I've been wanting to start ballet but I really thought that classes for like highschoolers and a little up didn't exist! Thank you!

Anonymous said...

I love this post! It was very well-written and informative, and it made me really excited about looking around for a teenage or adult ballet studio. Please write more :)

Anonymous said...

Hi! I'm a lurker at EGL, and I saw your post there.

I found this article interesting but I have a question. You say that your feet won't suffer because our bones are "finished" as if were, but I've read about dancers whose toenails fell off when dancing in pointe. I'm not all that interested about en pointe, but I was wondering if you had heard of that happening.

Nami said...

This is really helpful! Unfortunately it pretty much stopped at the "if you don't have back, feet, etc problems, you can do ballet" for me. It makes me really sad, I have a crooked kind of back, you don't really see it on the outside but it causes pain and I cannot bend my back as much. I'm currently under treatment for it and it's definitely getting better and I hope with some stretching to regain flexibility especially in my lower back, but the bones will never be as straight as a normal person. I'm really afraid I'll never be able to take ballet at all. But I hope perhaps if I can improve my body, work on my posture, my entire body will slowly regain flexibility and will straighten out a little. I promised myself to at least try ballet when it comes to that point, even if just as a reward for the pain and hard work haha.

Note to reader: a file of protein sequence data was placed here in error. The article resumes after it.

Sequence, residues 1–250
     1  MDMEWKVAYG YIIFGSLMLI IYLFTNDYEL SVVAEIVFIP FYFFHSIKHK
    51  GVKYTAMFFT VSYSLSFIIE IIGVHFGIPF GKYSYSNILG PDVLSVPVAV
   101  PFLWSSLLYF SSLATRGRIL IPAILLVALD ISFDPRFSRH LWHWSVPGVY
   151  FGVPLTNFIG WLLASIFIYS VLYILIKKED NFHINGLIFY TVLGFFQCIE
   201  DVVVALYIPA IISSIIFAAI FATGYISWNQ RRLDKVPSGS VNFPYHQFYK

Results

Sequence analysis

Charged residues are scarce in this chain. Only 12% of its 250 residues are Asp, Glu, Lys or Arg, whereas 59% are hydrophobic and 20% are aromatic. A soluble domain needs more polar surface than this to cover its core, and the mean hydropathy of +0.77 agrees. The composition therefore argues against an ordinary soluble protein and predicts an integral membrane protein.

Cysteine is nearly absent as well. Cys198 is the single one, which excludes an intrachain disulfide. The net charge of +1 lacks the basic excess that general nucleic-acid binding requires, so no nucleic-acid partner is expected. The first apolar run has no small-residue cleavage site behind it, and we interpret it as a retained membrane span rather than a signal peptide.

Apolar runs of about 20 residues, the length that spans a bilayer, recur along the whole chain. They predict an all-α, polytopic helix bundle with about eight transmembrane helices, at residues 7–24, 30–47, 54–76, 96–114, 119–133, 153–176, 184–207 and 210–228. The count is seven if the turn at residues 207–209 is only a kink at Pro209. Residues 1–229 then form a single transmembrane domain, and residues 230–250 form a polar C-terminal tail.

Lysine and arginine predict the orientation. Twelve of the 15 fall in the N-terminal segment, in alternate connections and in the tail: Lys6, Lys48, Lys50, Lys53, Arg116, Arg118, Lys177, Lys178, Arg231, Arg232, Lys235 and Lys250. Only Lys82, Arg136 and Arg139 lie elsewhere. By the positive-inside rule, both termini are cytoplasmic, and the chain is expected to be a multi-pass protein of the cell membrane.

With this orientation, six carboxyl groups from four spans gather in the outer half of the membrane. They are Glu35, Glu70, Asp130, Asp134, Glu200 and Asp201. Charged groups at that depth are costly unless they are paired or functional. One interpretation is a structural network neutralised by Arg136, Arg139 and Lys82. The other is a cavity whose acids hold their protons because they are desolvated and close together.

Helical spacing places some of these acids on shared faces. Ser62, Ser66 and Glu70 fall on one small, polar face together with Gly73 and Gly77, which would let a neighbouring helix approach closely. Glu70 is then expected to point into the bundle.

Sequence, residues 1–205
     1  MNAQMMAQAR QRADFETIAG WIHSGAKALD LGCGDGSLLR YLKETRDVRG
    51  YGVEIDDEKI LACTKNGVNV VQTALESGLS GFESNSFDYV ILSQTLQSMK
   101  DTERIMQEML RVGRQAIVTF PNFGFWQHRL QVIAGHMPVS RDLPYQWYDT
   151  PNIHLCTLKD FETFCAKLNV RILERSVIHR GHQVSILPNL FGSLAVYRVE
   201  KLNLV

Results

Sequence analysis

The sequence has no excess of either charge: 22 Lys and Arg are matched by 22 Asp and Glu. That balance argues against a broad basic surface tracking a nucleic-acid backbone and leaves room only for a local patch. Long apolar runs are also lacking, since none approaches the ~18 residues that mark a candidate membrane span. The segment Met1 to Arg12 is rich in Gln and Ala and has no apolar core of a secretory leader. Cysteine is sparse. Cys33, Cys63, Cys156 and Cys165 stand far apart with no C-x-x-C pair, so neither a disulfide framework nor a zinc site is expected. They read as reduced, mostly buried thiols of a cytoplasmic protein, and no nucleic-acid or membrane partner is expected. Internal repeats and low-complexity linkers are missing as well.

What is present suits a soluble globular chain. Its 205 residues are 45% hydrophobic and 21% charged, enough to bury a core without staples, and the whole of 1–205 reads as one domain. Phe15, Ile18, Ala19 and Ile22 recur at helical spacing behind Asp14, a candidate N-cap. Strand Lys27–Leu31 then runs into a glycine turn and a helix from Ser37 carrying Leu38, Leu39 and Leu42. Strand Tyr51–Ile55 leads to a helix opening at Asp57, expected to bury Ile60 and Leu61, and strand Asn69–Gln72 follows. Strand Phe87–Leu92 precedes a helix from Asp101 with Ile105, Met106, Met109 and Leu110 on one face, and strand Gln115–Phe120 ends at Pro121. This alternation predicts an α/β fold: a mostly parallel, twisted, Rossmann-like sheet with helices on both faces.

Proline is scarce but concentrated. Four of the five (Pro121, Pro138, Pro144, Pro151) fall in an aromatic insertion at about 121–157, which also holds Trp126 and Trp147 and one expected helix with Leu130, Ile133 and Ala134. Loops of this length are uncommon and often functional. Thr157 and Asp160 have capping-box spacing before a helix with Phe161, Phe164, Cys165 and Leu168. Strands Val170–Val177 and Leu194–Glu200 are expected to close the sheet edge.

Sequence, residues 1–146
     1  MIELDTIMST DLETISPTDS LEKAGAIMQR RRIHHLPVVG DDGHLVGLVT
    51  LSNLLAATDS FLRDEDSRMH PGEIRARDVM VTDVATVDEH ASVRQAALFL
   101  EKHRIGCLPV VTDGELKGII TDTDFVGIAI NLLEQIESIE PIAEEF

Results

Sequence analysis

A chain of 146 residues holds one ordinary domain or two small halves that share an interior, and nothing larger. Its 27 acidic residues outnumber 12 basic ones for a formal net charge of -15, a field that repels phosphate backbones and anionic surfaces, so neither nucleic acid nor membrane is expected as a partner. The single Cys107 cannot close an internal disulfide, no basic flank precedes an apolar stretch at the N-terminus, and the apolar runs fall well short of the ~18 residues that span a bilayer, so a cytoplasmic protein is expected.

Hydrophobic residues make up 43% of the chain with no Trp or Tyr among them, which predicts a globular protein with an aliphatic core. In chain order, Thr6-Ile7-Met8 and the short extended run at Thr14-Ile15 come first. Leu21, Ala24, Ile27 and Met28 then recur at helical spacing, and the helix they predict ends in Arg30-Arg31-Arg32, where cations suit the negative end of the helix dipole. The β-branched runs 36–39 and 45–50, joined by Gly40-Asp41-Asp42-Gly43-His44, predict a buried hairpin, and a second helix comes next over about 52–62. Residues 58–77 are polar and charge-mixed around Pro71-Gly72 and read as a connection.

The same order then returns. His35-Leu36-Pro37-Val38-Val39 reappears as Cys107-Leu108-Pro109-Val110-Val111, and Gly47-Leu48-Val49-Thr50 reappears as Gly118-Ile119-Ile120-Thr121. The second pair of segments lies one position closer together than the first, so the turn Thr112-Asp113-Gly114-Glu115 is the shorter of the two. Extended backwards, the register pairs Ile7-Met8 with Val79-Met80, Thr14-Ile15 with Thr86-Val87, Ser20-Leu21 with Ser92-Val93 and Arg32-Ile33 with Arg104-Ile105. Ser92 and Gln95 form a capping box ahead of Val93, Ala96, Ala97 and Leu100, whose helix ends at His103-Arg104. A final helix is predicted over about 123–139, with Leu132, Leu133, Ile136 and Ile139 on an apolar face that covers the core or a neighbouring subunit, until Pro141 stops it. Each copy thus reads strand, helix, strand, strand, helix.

E. Etherington said...

I'm very sorry to hear about your predicament. :(
While back flexibility is something that is needed for ballet, there are also a lot of exercises at the bar that require a straight, aligned back while the feet and legs do most of the work. Watch this video here: and see if you feel you would be able to do any of the exercises. Also, many teachers of adult classes will allow adults to do only what they are capable of - allowing you to modify to or completely skip exercises or movements that your body is not ready for.
Because so much of ballet is about correct alignment, you may actually get a good deal of benefit from some classes. If you like, try to find a studio that offers a first class for free, or private lessons, so you can give it a try. :)

Manda said...

This is so helpful!

Nami said...

Thank you so much for the advise. I think I could do pretty much all the exercises at the bar. I actually had a little course of ballet exercises last year. I also did a little ballet class when I was a little child (but I think that was before my fall that caused my back to grow weirdly.) but I don't think it was anything technical hahaha. I'm not flexible as a whole but I think most things will improve with more stretching. I think it's most importantly my lower back that doesn't really bend haha *working on it*. So I guess when I have time I could look into ballet. Thanks again, I really needed someone with experience to tell me what my chances were haha.

Catmint said...